(NEXSTAR) – In a rare show of bipartisan cooperation the Senate voted Tuesday to make daylight saving time permanent – something that’s been tried in the U.S. before … and didn’t go well.
On Tuesday, the Senate passed the Sunshine Protection Act, which would ensure that we spring forward one last time in March, 2024, never to “fall back” again (states with areas exempt from daylight saving time may choose standard time). The bill received unanimous support and now needs approval in the House and a signature from President Biden to become law.
“Changing the clock twice a year is outdated and unnecessary,” Republican Sen. Rick Scott of Florida said after the Senate vote.
“I’ve said it before and I’ll say it again: Americans want more sunshine and less depression — people in this country, all the way from Seattle to Miami, want the Sunshine Protection Act,” Washington Democratic Sen. Patty Murray added.
Others who remember the lessons of the 1970s, however, may not be quite as excited.
Daylight saving time in 1974
In a move to combat a national energy crisis in the United States, then-President Richard Nixon signed an emergency daylight saving time bill into law in late 1973 in an attempt to cut demand by extending daylight hours.
Public opinion of year-round daylight saving time was high leading up to the bill’s passage, The New York Times reported. The nearly 80% approval rate in December, 1973 would fall sharply in the months after, however.
Parents became worried about traffic accidents and the safety of their children, who were forced to go to school under winter darkness. By February, approval was at just 42 percent, according to the Times.
In October of 1974 President Gerald Ford signed a bill returning the nation to standard time for four months of the year.
Nixon wasn’t the only president to try out daylight saving time, however. During World War I President Woodrow Wilson, following the lead of German leader Kaiser Wilhelm, instituted the time change. The bill was widely hated by farmers and Congress ultimately scuttled it after the war, over Wilson’s veto.
President Roosevelt also instituted daylight saving time during World War II, which he called “war time,” which was repealed in 1945 after several states and cities reinstituted standard time on their own.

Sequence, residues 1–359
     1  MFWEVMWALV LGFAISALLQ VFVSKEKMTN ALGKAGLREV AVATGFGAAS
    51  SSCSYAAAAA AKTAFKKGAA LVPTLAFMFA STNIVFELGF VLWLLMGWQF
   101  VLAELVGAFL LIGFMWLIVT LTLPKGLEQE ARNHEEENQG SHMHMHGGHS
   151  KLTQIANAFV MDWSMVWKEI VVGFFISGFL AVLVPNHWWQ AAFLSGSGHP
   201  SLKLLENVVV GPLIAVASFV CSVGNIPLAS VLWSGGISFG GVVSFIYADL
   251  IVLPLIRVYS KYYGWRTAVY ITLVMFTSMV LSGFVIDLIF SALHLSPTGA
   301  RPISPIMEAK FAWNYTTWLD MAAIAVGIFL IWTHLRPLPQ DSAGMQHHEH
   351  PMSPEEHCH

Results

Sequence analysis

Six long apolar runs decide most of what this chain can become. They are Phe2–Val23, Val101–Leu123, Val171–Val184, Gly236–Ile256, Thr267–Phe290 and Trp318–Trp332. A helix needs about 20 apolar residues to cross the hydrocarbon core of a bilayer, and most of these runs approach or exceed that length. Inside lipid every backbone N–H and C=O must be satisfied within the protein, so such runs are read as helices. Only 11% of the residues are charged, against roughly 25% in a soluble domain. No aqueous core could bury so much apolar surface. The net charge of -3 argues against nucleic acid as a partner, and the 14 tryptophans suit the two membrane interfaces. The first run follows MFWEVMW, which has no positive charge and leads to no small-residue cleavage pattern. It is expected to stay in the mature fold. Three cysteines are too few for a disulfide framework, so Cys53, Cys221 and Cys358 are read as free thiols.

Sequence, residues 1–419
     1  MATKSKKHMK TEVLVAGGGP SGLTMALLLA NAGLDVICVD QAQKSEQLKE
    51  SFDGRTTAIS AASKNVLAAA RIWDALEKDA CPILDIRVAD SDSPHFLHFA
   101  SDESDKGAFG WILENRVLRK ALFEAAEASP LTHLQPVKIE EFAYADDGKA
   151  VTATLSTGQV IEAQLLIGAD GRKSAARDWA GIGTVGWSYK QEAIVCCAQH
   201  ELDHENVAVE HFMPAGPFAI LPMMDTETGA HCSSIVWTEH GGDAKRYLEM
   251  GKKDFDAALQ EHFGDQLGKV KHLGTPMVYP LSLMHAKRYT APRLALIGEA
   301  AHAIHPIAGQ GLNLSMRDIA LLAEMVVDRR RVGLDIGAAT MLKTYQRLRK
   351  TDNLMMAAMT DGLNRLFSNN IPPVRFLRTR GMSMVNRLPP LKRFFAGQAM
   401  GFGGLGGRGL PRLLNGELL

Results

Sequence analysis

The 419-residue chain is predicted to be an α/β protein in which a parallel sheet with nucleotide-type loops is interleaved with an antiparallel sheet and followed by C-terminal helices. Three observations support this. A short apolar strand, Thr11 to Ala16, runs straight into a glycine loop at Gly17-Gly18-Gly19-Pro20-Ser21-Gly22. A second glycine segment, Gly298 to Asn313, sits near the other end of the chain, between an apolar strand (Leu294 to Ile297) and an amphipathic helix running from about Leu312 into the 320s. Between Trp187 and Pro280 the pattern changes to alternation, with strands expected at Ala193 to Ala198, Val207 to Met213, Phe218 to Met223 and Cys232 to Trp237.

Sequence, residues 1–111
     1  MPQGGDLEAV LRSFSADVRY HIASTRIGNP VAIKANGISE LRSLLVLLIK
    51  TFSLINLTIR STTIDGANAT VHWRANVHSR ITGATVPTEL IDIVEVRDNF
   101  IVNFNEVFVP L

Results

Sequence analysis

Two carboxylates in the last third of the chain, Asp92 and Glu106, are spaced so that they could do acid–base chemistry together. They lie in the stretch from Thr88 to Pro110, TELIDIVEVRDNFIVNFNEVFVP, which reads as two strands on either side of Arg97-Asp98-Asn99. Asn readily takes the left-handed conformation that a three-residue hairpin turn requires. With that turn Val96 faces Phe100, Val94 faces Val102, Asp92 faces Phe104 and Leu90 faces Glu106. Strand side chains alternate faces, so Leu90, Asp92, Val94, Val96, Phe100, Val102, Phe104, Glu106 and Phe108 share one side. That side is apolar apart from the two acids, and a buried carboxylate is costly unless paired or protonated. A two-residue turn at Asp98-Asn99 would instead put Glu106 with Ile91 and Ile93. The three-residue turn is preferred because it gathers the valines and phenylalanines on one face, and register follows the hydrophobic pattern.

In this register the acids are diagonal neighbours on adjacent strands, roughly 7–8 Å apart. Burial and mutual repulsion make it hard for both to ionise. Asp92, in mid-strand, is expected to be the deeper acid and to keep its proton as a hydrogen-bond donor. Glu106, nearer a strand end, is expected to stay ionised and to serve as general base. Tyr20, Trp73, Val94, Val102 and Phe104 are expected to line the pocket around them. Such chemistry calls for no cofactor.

Will daylight saving time become permanent?
The idea of daylight saving time, so appealing during after-work activities on the golf course or meeting up with friends during the summer, has received broad support over the years. So is the nation ready to make this “permanent” change once again?
Florida Republican Sen. Marco Rubio, who sponsored the Sunshine Protection Act, referenced “strong science” he says shows that time changes can lead to heart attacks, car accidents and pedestrian accidents, according to The Hill.
Proponents of the measure say the added evening daylight will also lead to a reduction in crime, a potential reduction in energy usage and diminished health risks associated with the time change.
Critics of the bill, however, say year-round daylight saving time will play havoc with people’s circadian rhythms.
The American Academy of Sleep Medicine (AASM) issued a statement applauding the push for a year-round time, but warned that Rubio chose the wrong one.
The AASM added that “current evidence best supports the adoption of year-round standard time, which aligns best with human circadian biology and provides distinct benefits for public health and safety.”
Horacio del Iglesia, a professor of biology at the University of Washington, told The Seattle Times that year-round daylight saving time “would be like Monday morning every day for the rest of your life.”
AASM went on to chide the Senate for allowing “neither a robust discussion nor a debate” before passing the bill, and called on the House to “take more time to assess the potential ramifications of establishing permanent daylight saving time before making such an important decision that will affect all Americans.”
Where the House and President Joe Biden fall on Rubio’s bill is not yet clear.
On Thursday, press secretary Jen Psaki would only say that she didn’t “have a specific position from the administration at this point in time.”